796 discuss their own goals for care, their preferences, and their priorities. Yet frequently, no advance care planning (ACP) has occurred, or there are questions about existing documents or discussions. Case managers, even when skilled in diseasespecific counseling and care coordination, are often ill-prepared to fully engage patients who express concerns or have questions about ACP. When patients raise existential questions during telephone conversations, those questions cannot be ignored. Yet, other than their general motivational interviewing skills, most CMs have not had dedicated training focused on discussing ACP with patients, and they often lack the skills to facilitate ACP discussions. In addition, very few communities have organized systems for engaging patients in ACP discussions to which a case manager could refer. Telephonic ACP (TACP) is a novel approach to this problem, but there appears to be little literature available about its development or outcomes. Telephonic case management, including understanding and assisting with completion of advanced directives, has been described by Aetna Health Plan in its “Compassionate Care Program” (Spettell et al., 2009), but there are no (or very few) models using a studied and replicated telephonic-facilitated ACP discussion. CONTEXT AND OBJECTIVES Priority Health is a regional health insurance company, with headquarters in Grand Rapids, Michigan, that serves more than 550,000 members. Its case managers regularly work telephonically with members who are frail and have multiple comorbidities. However, little or no ACP has historically occurred in that context. In 2010, Priority Health leaders decided to address this issue by planning and initiating a TACP pilot program. The objective of this program was to determine whether ACP by health plan CMs could be successfully facilitated telephonically with a small segment of Priority Health’s members. If this pilot program proved successful, the company would go on to implement TACP on a broader scale. The decision to conduct the preliminary study occurred in a politically challenging climate. National debate about the value of ACP was heightened by a furor over “death panels” (Tinetti, 2012). Medicare’s inclusion of ACP discussions in the annual well-person evaluation, and then its sudden withdrawal, only served to heighten skepticism that Priority Health should undertake such an initiative. However, in spite of these difficulties, the decision was made to conduct the pilot study and, potentially, to disseminate TACP to the entire Medicare CM team thereafter.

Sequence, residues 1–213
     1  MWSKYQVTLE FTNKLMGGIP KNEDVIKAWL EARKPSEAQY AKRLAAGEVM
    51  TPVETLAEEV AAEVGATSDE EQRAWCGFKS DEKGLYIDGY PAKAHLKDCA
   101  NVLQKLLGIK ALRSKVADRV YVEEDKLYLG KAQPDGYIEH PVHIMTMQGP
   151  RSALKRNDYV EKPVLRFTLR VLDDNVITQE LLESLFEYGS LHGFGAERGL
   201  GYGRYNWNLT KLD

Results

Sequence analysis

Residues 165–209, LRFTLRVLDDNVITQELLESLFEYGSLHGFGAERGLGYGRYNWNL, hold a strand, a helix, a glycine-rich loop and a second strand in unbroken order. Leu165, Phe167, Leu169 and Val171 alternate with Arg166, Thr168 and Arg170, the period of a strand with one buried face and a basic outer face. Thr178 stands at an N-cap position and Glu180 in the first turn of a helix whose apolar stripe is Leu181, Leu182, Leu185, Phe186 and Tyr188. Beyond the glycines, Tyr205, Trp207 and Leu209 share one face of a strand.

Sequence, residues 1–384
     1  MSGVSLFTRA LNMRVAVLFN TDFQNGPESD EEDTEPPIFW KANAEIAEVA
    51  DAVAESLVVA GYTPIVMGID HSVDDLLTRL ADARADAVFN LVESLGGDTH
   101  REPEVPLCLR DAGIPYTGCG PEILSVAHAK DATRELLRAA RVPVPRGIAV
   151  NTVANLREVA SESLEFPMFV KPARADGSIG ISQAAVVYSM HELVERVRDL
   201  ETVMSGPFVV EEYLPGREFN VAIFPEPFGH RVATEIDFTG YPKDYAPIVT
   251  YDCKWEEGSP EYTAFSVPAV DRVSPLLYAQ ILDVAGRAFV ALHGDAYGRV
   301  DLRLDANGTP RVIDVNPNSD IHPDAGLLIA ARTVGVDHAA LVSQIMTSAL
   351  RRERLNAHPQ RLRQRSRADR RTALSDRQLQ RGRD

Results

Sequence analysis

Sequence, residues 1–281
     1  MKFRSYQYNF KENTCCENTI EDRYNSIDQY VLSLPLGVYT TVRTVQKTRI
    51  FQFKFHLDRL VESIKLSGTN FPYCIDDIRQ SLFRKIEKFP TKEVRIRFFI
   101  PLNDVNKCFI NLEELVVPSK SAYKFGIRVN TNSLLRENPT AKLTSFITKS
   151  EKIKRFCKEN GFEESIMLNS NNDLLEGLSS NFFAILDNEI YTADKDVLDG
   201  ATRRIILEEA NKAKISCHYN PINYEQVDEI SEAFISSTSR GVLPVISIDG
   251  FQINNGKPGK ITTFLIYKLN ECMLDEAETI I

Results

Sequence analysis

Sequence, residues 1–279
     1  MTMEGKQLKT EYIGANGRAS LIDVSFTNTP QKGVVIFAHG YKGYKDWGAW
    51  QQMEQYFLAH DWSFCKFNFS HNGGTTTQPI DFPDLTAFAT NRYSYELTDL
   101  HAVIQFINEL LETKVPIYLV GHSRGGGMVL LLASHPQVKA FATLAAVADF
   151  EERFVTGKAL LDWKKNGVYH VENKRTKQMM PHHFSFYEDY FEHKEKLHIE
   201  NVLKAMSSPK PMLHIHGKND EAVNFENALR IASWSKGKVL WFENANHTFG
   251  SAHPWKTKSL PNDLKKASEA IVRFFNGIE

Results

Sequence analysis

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THE RESPECTING CHOICESw MODEL Priority Health partnered with the director and associate director from Respecting Choices, Gundersen Health System, to test their established ACP facilitator model telephonically. The key elements of the model included: (1) a comprehensive definition of ACP; (2) the use of trained facilitators; (3) a staged approach to ACP using patient-centered structured interviews; and (4) standardized competency-based training. According to the Respecting Choices model, ACP is (. . .) an organized process of communication to help an individual understand, reflect upon, and discuss goals, values, and beliefs for future healthcare decisions. When this process is done well, it has the power to produce a written plan (i.e., advance directive) that accurately represents individuals’ preferences and thoroughly prepares others to make healthcare decisions consistent with these preferences.” (Respecting Choices, 2007, p. 1.13). The ACP facilitator is typically a nonphysician who works as a member of the patient’s healthcare team, helping them to understand their healthcare options, identify gaps in their knowledge, develop questions for their physician, and create a written plan that represents their goals, values, and healthcare decisions (Briggs, 2012). However it is accomplished, ACP is not a “one-sizefits-all” conversation. Respecting Choices has developed a staged approach to planning: First Steps, Next Steps, and Last Steps ACP. Each step is based on an individual’s stage of illness, readiness to participate, and venue of care: B